Agent Sonya by Ben Macintyre

Agent Sonya: Moscow's Most Daring Wartime SpyAgent Sonya: Moscow’s Most Daring Wartime Spy by Ben Macintyre
My rating: 5 of 5 stars

Sonya was the code name given by the GRU (Russian military intelligence) to Ursula Kuczynski, a German Jewess from a leftist/communist family. She was raised in Germany by well-educated and respected intellectuals in a rather privileged society. She thoroughly adopted Communist ideology and moved to China before WWII to help the Communists there resist the Nationalist (Kuomintang) government. There she was recruited by Richard Sorge, one of Russia’s most celebrated spies. She later served in Manchuria, Switzerland, and England, and underwent training in Russia as well. She turned out to have been one of Russia’s best spies throughout the Cold War. I don’t want to spoil it by giving more detail.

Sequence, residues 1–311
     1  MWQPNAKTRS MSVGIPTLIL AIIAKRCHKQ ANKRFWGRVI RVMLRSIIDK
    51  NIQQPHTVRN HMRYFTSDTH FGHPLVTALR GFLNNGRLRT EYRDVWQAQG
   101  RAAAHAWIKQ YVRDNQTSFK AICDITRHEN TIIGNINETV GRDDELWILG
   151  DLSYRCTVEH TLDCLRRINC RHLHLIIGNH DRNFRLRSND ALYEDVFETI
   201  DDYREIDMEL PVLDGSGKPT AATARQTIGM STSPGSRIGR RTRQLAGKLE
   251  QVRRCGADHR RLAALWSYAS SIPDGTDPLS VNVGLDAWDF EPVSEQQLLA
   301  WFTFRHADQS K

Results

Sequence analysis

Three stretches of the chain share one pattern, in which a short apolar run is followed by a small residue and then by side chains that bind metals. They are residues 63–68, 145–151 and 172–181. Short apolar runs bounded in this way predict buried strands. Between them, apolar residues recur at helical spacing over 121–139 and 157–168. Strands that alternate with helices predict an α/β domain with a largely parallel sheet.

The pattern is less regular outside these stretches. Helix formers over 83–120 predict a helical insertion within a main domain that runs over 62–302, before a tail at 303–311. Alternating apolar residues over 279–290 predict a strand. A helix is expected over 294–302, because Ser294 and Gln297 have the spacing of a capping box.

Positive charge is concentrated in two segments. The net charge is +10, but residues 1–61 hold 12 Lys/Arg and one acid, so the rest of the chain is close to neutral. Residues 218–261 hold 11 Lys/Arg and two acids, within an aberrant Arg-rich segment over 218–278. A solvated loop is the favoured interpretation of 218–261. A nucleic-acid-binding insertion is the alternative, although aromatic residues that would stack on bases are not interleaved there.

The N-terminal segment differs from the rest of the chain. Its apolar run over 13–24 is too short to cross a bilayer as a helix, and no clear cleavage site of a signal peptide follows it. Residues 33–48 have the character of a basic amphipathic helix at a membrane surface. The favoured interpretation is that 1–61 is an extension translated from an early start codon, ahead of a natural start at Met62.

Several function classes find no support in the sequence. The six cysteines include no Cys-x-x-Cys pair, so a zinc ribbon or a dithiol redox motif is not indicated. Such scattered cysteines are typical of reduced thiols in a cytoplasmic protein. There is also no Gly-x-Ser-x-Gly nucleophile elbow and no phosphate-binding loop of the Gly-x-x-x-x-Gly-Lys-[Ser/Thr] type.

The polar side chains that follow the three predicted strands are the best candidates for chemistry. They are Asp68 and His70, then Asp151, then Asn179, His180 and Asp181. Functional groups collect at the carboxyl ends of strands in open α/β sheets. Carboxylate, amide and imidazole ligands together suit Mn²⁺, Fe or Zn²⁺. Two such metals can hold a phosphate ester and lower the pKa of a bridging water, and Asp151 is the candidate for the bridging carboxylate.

I’m no fan of history, especially political history, and I expected this to be a burdensome read for my book club, but I was very pleasantly surprised. It’s not weighed down with excessive biographic detail or wartime battle history. It’s a cracking good read and full of action throughout. People who enjoy spy tradecraft will love it. It’s astounding how she could have been (and was) overlooked and dismissed as a spy by Nazis and Swiss and English counterintelligence time and again. She also had quite a sexual history. She must have had quite a body from the various descriptions made of her. The author knows how to write, not just research, a story.

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